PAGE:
As President Bush's poll ratings hit historic lows, the answer to whether he can rehabilitate his image may be rooted in why he has lost the support of the American people in the first place. Simply put, are Americans fed up with Mr. Bush's brand of conservatism or skeptical about the president's competence, his ability to make the trains run on time?
With only a third of Americans approving of his job performance, even his most committed supporters, mainstream conservatives and evangelical Christians, are complaining. If the dramatically lower numbers result from Americans souring on the president's vision for the United States, then it will be difficult, if not impossible, for Mr. Bush to return to the point in the public's mind where he was when re-elected 18 months ago.
Strange as it may seem, it will be easier for Mr. Bush to regain his popularity if his problems are based on a perceived lack of competence.
For example, if the president's poor ratings stem primarily from Americans' views that the Bush administration has made too many mistakes in how it fought the war in Iraq and led the postwar reconstruction, rather than the decision to invade, that is another matter.
At this point, it is not clear from the polling data why the public has gone so sour on the president.
The confusion stems from the nature of how public opinion surveys are conducted. They make it difficult to get at the competence question unless it is asked directly, which surveys rarely do. That is certainly the case in which the polls show that about half of those who disapprove of Mr. Bush cite Iraq as the major reason.
Theoretically, it would be possible, although perhaps not easy, to convince voters that Mr. Bush knows what he is doing if the news from Iraq suddenly got dramatically better and American troops began coming home. But if the public is disillusioned with the Bush worldview, how the situation in Iraq is resolved is less likely to make a difference.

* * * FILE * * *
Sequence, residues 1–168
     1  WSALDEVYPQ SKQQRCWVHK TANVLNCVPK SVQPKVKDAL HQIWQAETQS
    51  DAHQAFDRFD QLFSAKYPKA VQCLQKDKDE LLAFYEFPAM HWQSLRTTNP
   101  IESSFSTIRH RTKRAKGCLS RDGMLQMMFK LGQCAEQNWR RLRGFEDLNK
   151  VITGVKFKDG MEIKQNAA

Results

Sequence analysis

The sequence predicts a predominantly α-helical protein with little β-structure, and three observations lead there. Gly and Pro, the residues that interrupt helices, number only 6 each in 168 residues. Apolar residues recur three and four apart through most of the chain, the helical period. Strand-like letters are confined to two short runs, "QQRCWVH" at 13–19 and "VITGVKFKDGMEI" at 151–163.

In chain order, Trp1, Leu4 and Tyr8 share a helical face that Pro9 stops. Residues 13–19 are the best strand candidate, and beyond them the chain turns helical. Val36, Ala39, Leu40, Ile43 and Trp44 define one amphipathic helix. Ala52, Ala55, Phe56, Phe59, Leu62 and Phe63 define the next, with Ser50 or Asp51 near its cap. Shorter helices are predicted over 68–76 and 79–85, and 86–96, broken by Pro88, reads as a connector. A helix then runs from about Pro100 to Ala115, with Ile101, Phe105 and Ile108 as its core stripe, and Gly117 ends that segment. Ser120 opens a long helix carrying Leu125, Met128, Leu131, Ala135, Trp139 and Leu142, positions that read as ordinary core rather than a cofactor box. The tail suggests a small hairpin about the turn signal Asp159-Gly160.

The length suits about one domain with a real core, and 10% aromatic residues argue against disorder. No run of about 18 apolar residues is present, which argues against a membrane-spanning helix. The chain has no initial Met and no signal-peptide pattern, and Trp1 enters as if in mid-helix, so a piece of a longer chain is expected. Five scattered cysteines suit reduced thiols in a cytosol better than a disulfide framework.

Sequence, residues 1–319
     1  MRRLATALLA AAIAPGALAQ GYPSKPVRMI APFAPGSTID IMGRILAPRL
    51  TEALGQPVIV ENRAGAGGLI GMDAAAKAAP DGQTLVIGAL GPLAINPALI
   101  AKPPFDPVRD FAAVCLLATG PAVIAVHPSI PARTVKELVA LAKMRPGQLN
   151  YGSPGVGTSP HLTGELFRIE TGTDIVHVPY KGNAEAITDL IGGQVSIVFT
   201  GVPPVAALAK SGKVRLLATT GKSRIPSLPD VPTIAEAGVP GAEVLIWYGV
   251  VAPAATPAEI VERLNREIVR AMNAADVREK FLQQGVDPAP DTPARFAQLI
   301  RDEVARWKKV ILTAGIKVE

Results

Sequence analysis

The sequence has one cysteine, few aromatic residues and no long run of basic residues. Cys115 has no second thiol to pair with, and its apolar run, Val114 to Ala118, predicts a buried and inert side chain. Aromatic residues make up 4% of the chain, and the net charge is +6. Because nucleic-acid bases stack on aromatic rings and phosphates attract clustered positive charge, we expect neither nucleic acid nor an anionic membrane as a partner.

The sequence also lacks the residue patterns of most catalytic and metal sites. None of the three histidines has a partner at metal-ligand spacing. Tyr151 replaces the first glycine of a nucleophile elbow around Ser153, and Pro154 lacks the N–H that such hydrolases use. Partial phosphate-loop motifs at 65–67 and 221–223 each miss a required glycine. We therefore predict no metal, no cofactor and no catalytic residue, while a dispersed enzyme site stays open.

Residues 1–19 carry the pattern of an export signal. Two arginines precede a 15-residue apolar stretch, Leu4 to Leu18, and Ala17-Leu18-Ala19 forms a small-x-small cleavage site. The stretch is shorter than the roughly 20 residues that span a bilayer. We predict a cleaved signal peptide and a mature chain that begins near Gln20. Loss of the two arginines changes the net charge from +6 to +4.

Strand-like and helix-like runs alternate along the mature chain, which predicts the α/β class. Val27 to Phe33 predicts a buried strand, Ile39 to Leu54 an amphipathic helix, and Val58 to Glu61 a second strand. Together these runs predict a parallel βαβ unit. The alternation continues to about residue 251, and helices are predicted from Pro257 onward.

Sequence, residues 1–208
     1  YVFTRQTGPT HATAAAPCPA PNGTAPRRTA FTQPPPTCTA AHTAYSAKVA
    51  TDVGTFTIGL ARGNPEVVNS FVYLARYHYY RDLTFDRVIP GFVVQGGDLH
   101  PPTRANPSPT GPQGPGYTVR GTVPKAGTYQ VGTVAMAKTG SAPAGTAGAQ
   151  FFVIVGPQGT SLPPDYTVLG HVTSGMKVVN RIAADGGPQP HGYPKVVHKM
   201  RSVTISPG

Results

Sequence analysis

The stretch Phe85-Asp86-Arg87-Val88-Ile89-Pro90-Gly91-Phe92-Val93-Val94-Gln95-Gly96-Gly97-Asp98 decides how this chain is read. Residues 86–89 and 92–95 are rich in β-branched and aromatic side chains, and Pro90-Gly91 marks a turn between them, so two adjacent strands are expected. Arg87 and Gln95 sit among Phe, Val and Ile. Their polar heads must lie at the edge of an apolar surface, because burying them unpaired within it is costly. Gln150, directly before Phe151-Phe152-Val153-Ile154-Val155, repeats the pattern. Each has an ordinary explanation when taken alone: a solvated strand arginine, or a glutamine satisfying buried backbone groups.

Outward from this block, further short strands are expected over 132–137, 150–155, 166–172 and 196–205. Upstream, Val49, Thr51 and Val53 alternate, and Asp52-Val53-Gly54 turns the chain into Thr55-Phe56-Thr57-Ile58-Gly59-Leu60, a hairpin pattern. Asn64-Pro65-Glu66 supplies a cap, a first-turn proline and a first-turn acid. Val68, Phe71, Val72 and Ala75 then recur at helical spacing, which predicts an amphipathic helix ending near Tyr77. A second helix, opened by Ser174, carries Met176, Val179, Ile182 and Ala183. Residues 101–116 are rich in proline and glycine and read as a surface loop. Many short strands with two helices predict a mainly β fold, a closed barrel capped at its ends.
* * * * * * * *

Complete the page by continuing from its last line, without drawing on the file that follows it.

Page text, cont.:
Mr. Bush's father, President George H. W. Bush, lost in 1992 primarily because voters decided his priorities - too much of a fixation on foreign affairs at the expense of domestic needs - were out of whack. But President Jimmy Carter was defeated for a second term in 1980 chiefly because voters believed that although he was a good, honest man with the right priorities, his administration could not organize a one-car funeral.
Generally, any way back in the public opinion polls for this President Bush would require him and his administration to demonstrate their ability to deal with the nation's problems in a way that satisfies the public. The public has so far found the record in dealing with Hurricane Katrina's aftermath and implementation of the prescription drug plan as unacceptable.
That is why, for instance, the president and his aides are so desperate to have Congress pass an immigration reform bill, among other measures. And, of course, unforeseen events, such as the capture of Osama bin Laden, could provide a political environment that could favor the president. But an economic downturn would make his task that much more difficult.
Even at the time of the U.S. invasion of Iraq in 2003, a vocal minority of Americans opposed the decision as the embodiment of Mr. Bush's overly aggressive and unilateral foreign policy. Democrats like to believe that many of the millions who voted for Mr. Bush, but now think he is a failed president, have also adopted their viewpoint.
Maybe yes. Maybe no.
The question is why the 20 percent of Americans who once gave Mr. Bush a positive job approval rating have soured on his presidency. Have they suddenly become foreign policy doves, or have they decided that the Bush team can't walk and chew gum at the same time?
When we find the answer to that question, we'll have a much better idea of whether Mr. Bush can do anything to resurrect his presidency.
Peter A. Brown is the assistant director of the Quinnipiac University Polling Institute and a former editorial columnist for the Orlando Sentinel. His e-mail is peter.brownquinnipiac.edu
Knight Ridder/Tribune Information Services